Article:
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BT in Ofcom clash over 'dark fibre'

Published 15/05/2015

BT has been told to open up its high speed
BT has been told to open up its high speed "dark fibre" network to direct access by rivals

BT clashed with Ofcom today after the regulator told it to open up its high-speed "dark fibre" network to direct access by rivals, under proposals to promote competition in the £2 billion "leased line" data market for businesses.

The telecoms giant is already required to sell wholesale leased line products, using its fibre-optic cables as well as its network equipment, to other operators.

But the new proposals would allow the other companies to access the cables directly with their own equipment, rather than relying on BT's.

BT said the way the market currently operates already created a level playing field and the new plans would favour a few large companies to the disadvantage of others. It also said the proposals would undermine investment.

The telecoms giant has been facing flak from competitors over the way it controls the lion's share of the UK's telecoms network through its Openreach division, which some rivals say ought to be split off. TalkTalk welcomed today's announcement.

Ofcom said today's proposals were designed to promote "competition and innovation" in the leased line market - dedicated high-speed data links used by large businesses and mobile and broadband operators to transfer data on their networks.

The lines also provide links for schools, universities, libraries and other public bodies. Take-up is growing as consumers use more data on smartphones, tablets and connected televisions, and companies use sophisticated internet services.

The new plans would require BT to make "dark fibre" available in all parts of the UK except central London, where there is already deemed to be enough competition in the market, and Hull, where most lines are leased by Kcom rather than BT.

The service is known as dark fibre because the fibre-optic cables would not be "lit" using BT's electronic equipment but would instead be "lit" by a rival firm installing its own equipment at the end of the cable.

Ofcom said: "This should increase the opportunity for competitors to create tailored, high-capacity data links at cost-effective prices for their customers."

The regulator is also proposing new quality-of-service requirements on Openreach, saying it was concerned that the wholesale provider often takes too long to install leased lines and too often changes the date on which it promises to deliver services.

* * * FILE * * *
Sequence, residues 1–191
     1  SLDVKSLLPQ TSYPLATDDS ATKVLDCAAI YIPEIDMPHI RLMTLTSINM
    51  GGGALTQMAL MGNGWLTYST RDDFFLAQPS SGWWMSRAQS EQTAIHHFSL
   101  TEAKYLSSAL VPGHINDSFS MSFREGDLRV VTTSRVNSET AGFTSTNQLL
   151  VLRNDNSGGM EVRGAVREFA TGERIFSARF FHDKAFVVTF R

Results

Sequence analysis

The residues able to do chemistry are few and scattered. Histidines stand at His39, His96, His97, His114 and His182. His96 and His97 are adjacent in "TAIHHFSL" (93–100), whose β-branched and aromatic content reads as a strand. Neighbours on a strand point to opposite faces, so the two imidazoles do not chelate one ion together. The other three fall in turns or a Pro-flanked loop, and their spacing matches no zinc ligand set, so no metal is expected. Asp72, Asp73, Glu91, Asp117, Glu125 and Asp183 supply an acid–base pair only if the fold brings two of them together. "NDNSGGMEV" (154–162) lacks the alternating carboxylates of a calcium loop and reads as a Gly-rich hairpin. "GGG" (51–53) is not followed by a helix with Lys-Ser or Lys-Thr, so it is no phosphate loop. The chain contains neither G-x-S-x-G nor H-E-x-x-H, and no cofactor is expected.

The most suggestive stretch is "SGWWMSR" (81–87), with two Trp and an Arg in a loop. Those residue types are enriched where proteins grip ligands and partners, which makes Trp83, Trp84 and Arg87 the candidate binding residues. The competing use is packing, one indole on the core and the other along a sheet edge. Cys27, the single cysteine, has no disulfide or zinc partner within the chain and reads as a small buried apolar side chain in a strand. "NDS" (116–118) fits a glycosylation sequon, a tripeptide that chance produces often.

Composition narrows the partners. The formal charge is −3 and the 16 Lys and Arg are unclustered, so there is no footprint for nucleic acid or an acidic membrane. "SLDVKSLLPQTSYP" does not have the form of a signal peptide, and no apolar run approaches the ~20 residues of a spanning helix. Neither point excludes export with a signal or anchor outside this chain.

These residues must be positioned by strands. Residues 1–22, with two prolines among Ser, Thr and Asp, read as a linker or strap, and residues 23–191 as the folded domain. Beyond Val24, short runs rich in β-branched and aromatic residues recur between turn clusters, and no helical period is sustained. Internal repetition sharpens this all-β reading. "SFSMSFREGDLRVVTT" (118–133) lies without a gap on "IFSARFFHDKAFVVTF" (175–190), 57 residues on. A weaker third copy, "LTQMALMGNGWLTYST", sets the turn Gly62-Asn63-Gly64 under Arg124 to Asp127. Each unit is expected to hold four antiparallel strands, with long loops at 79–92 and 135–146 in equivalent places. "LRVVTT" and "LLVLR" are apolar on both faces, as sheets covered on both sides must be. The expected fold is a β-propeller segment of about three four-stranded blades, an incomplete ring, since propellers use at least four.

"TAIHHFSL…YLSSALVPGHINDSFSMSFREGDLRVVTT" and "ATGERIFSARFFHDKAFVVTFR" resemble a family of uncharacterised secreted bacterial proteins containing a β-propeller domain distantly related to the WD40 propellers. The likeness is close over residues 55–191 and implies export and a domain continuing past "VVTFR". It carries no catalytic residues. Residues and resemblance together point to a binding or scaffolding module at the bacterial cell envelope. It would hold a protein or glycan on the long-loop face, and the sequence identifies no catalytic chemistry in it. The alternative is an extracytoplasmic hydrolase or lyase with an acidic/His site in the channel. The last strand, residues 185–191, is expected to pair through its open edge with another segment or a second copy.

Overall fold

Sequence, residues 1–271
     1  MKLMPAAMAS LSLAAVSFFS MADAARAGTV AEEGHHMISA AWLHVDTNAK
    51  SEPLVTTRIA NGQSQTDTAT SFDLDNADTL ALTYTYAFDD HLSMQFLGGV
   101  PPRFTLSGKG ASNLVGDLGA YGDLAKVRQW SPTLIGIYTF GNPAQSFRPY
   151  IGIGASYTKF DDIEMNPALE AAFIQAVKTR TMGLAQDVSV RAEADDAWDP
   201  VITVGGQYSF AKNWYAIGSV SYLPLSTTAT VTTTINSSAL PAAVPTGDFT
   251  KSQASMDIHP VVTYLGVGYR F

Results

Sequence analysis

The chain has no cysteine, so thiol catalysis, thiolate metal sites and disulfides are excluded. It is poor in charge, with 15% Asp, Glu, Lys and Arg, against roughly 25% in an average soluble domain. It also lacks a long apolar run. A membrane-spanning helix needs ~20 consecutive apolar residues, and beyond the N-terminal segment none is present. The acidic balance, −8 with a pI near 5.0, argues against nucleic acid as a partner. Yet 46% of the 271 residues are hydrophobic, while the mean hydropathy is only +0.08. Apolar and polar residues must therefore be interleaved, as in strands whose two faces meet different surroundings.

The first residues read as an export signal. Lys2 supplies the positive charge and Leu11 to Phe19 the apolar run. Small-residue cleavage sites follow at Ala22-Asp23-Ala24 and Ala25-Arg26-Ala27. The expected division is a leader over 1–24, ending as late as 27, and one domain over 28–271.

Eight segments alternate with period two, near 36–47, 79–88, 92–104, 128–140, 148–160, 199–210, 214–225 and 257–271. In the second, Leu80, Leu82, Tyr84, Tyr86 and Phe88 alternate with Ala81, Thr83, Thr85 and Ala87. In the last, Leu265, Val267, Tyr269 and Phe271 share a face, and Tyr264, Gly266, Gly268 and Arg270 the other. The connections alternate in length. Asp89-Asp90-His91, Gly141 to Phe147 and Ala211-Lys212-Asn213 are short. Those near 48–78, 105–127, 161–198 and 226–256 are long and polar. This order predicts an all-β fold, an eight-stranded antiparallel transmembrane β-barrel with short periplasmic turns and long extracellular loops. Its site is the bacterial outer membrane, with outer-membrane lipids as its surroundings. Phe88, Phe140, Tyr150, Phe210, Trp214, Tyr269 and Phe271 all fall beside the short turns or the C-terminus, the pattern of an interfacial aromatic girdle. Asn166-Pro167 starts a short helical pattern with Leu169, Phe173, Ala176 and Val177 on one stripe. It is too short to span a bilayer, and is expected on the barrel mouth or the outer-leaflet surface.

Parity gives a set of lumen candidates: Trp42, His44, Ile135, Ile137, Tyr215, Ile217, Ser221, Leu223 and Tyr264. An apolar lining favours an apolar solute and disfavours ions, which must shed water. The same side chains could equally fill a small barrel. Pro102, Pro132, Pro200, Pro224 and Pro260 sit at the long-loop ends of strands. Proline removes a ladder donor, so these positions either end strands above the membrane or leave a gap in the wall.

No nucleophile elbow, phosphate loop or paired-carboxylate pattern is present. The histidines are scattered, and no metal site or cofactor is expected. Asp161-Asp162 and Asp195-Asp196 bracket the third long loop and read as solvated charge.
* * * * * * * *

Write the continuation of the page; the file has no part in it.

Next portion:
Ofcom's proposals are subject to a consultation ending on July 31, with final decisions due early in 2016 and taking effect in April.

Peter Ward, dealer at London Capital Group, said: "Expect BT to put up as much of a fight as possible over Ofcom's direction for the telecoms giant to hand to the rest of the market access to its fibre-optic cables.

"Ofcom's decision will be good news for rival providers and consumers alike, as BT's control of the underlying network has long been a source of frustration for them."

BT said: "Openreach's current offer creates a level playing field and a vibrant, competitive market with hundreds of competing companies, large and small.

"Mandating dark fibre risks favouring a few companies that have the greatest capability to deploy it, to the disadvantage of all other firms."

But rival telecoms and broadband firm TalkTalk welcomed the announcement.

It said: "For too long BT has been able to get away with delivering poor service to Britain's businesses at inflated prices and these recommendations will help drive competition into the commercial market and improve the service they receive."

Ofcom responded to BT's statement, saying: "Our proposals are intended to allow BT to protect its investment by making a fair return, while boosting competition and innovation among different operators.

"Dark fibre can help meet growing demand for data from large businesses that are central to the UK economy."

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